One of Mercier’s maternal uncles was the Reverend Fr. Adrien Croquet. In the 1860s Fr. Croquet became a missionary to the Grand Ronde Indian Reservation in western Oregon near the Pacific coast, where his surname was anglicized to Crockett. In the 1870s, a Mercier cousin, Joseph Mercier, joined their uncle Fr. Croquet in Oregon. He married a woman of one of the Native American tribes resident there. Today, several thousand descendants of Joseph and his wife are members of the tribe.
In 1877 Mercier began teaching philosophy at Mechelen’s minor seminary, of which he also became spiritual director. His comprehensive knowledge of Saint Thomas Aquinas earned him the newly erected chair of Thomism at Louvain’s Catholic university in 1882.
It was in this post, which he retained until 1905, that he forged a lifelong friendship with Dom Columba Marmion, an Irish Thomist. Raised to the rank of Monsignor on 6 May 1887, Mercier founded the Higher Institute of Philosophy at the Louvain University in 1899, which was to be a beacon of Neo-Thomist philosophy.
He founded in 1894 and edited until 1906 the Revue Néoscholastique, and wrote in a scholastic manner on metaphysics, philosophy, and psychology. Several of his works were translated into English, German, Italian, Polish, and Spanish. His most important book was Les origines de la psychologie contemporaine (1897).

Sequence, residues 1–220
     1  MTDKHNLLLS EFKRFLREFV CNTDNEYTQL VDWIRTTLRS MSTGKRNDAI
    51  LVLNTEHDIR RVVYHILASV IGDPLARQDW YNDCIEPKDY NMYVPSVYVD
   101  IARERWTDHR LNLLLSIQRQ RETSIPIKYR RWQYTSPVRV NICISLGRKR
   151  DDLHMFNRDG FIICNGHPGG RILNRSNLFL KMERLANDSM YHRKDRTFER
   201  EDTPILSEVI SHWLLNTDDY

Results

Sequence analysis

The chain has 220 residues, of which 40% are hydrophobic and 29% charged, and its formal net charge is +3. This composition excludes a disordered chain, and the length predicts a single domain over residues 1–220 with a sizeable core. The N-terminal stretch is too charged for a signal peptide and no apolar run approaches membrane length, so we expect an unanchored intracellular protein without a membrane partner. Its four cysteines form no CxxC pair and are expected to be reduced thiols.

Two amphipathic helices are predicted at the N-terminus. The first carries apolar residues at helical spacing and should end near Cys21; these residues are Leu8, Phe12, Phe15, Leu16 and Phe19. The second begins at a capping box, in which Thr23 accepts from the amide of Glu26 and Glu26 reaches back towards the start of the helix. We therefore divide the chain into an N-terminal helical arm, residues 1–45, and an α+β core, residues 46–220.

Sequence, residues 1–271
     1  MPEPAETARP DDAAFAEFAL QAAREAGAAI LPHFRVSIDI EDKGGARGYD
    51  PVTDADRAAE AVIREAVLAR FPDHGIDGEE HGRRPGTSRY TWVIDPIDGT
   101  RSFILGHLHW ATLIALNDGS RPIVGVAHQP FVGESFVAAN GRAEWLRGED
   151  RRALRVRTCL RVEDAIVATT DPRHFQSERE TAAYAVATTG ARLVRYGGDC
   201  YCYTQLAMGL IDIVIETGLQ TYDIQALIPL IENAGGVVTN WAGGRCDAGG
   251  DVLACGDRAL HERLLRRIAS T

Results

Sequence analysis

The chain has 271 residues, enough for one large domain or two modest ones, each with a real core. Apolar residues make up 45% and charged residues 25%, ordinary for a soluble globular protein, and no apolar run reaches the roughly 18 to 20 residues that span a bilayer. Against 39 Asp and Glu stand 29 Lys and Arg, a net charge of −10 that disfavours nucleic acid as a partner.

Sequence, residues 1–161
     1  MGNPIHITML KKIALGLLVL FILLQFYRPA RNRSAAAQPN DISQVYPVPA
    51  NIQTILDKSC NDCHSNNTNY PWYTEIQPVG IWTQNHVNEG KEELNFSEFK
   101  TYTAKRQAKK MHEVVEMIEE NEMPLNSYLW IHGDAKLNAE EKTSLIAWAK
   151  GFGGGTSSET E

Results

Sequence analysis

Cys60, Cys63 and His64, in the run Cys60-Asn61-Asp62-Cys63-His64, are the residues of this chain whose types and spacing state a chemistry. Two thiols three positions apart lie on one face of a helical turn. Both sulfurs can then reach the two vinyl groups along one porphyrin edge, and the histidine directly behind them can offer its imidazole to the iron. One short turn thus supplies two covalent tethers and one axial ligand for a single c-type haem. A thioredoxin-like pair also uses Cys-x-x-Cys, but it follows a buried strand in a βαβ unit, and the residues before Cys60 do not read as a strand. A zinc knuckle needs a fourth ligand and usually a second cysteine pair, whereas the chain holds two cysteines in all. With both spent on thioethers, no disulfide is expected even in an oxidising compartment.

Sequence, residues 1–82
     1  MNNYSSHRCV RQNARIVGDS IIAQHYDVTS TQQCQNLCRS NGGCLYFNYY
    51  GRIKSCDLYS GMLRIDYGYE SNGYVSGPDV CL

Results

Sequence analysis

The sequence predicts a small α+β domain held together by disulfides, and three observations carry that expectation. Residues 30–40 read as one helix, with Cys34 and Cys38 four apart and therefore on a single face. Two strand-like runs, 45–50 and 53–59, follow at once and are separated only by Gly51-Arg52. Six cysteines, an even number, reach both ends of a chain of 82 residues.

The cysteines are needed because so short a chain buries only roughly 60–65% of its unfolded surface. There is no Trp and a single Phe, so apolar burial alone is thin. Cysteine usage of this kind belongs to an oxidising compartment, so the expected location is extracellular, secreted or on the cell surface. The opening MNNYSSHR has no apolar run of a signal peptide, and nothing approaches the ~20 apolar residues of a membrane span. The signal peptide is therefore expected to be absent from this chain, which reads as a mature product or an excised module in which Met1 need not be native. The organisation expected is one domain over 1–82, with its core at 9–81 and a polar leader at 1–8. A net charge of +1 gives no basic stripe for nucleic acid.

He received his episcopal consecration on the following 25 March from Archbishop Antonio Vico, and took as his episcopal motto: Apostolus Jesu Christi. Mercier was created Cardinal Priest of S. Pietro in Vincoli by Pope St. Pius X in the consistory of 15 April 1907.
Pope Benedict XV sent his portrait and a letter of whole-hearted support to Mercier in 1916, and at one point told him “You saved the Church!”
In his final days, Mercier was visited by King Albert and Queen Elisabeth, Lord Halifax, and family members. He entered a deep coma around 2:00 p.m. on 23 January and died an hour later, at age 74. The Cardinal was buried at St. Rumbolds Cathedral.
The Cardinal harbored great devotion to the Sacred Heart.
Mercier is known for favoring French speakers and opposing the use of Dutch (the language spoken by about 60% of the Belgian population). In a conversation with a Flemish priest, he said, “Moi je suis d’une race destinée à dominer et vous d’une race destinée a servir”(English: “I belong to a race destined to dominate and you belong to a race destined to serve”).